Across vast swaths of the northern hemisphere’s higher reaches, frozen ground holds billions of tonnes of carbon.
As global temperatures rise, this “permafrost” land is at increasing risk of thawing out, potentially releasing its long-held carbon into the atmosphere.
Abrupt permafrost thaw is one of the most frequently discussed “tipping points” that could be crossed in a warming world. However, research suggests that, while this thawing is already underway, it can be slowed with climate change mitigation.Tipping pointsThis article is part of a week-long special series on “tipping points”, where a changing climate could push parts of the Earth system into abrupt or irreversible change
Yet, what is irreversible is the escape of the carbon that has been – and is being – emitted. The carbon released from permafrost goes into the atmosphere and stays there, exacerbating global warming.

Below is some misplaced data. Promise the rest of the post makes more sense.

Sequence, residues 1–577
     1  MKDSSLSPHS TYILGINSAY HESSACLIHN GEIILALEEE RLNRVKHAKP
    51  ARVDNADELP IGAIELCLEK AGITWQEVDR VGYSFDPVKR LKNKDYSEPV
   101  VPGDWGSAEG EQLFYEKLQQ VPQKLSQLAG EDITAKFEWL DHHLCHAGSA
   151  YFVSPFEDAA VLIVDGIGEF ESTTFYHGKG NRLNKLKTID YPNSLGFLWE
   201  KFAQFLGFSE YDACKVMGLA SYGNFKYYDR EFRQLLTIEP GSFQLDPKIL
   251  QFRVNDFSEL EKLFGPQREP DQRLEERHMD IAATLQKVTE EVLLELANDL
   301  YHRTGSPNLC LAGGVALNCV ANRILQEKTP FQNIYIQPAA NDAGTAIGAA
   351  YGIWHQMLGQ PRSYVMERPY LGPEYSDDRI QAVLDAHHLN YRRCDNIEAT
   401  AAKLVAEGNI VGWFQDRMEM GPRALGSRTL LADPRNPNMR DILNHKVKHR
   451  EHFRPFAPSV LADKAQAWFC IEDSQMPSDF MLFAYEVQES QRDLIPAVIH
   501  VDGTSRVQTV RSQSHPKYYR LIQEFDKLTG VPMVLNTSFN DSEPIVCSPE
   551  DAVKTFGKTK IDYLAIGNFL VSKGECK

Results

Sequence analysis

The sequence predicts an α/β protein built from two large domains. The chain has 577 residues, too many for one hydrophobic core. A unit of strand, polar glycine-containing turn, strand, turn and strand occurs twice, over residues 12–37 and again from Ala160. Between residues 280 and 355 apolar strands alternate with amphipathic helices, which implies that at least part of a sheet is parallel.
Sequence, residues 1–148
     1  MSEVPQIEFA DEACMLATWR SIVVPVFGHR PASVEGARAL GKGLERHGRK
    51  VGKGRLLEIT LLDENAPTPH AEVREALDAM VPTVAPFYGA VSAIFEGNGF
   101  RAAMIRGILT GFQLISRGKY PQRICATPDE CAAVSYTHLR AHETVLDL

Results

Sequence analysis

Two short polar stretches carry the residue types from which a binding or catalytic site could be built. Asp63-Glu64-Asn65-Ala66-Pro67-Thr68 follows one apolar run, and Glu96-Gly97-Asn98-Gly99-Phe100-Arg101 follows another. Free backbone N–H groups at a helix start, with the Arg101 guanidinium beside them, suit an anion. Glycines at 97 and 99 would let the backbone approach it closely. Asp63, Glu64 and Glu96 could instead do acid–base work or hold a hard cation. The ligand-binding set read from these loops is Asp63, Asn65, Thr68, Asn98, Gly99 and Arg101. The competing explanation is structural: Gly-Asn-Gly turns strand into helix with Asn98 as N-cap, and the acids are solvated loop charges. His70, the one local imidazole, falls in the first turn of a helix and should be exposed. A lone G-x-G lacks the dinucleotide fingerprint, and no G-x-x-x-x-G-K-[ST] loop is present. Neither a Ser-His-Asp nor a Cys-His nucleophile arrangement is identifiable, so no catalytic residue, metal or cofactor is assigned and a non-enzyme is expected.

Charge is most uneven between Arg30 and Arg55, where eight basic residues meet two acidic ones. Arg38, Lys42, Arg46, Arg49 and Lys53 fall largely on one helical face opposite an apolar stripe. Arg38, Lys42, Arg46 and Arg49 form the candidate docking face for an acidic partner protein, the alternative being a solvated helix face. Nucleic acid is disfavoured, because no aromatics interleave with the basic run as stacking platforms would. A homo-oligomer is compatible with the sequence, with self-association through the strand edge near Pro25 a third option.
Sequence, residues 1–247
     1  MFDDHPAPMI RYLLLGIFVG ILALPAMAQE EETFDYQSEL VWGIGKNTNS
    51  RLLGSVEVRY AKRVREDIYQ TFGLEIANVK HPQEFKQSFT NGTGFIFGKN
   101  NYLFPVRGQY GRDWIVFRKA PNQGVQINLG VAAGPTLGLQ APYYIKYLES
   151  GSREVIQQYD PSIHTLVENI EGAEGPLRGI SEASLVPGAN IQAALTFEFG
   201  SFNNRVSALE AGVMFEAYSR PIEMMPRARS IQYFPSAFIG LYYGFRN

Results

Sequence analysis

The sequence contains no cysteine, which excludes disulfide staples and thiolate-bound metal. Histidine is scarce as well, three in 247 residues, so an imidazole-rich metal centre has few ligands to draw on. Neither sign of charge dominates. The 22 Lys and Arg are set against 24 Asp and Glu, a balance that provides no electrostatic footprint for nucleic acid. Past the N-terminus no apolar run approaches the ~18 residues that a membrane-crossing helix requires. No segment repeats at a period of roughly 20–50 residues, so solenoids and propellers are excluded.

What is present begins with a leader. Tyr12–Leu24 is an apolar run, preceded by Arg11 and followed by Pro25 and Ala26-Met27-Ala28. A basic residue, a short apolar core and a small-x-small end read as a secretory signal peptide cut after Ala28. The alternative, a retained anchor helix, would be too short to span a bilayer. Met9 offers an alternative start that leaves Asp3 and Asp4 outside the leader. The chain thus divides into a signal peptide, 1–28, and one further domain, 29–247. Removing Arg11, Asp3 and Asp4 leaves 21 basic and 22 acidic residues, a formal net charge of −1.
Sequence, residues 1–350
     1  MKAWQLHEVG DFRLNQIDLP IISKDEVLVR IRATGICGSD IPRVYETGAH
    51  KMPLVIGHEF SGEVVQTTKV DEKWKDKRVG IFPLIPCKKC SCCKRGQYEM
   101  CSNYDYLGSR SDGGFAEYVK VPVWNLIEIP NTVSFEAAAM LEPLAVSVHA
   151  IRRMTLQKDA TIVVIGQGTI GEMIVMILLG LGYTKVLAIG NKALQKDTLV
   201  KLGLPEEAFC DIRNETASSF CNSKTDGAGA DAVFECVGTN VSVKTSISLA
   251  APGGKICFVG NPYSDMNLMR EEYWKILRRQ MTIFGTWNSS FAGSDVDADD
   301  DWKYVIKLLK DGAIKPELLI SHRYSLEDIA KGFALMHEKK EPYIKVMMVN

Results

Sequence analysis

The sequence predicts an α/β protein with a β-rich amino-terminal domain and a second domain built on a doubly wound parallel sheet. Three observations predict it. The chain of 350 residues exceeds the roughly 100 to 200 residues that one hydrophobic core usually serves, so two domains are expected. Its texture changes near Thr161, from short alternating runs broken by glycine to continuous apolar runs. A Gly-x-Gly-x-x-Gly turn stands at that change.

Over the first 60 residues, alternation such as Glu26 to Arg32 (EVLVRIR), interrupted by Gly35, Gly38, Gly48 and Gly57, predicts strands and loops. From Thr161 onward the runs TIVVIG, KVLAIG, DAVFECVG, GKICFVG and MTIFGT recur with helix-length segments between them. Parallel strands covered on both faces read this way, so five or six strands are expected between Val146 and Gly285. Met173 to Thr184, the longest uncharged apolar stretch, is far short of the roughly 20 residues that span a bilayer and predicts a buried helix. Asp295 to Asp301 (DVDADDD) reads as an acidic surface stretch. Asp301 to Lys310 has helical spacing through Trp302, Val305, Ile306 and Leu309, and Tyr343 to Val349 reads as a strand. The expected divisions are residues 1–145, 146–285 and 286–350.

In short, what happens in the Arctic does not stay in the Arctic.
Permafrost and the global climate
Permafrost is ground that has been frozen for at least two consecutive years. Its thickness ranges from less than one metre to more than a kilometre. Typically, it sits beneath an “active layer” that thaws and refreezes every year.
A warming climate puts this perennially frozen ground at risk. When temperatures rise, permafrost thaws – it does not melt.
There is a simple analogy: compare what happens to an ice cube and a frozen chicken when they are taken out of the freezer. At room temperature, the former will have melted, leaving a small pool of water, but the chicken will have thawed, leaving a raw chicken. Eventually, that chicken will start to decompose.
This is exactly what happens to permafrost when temperatures increase. One quarter of the landmass of the northern hemisphere is underlain by permafrost, which acts like Earth’s gigantic freezer and keeps enormous amounts of organic matter frozen.
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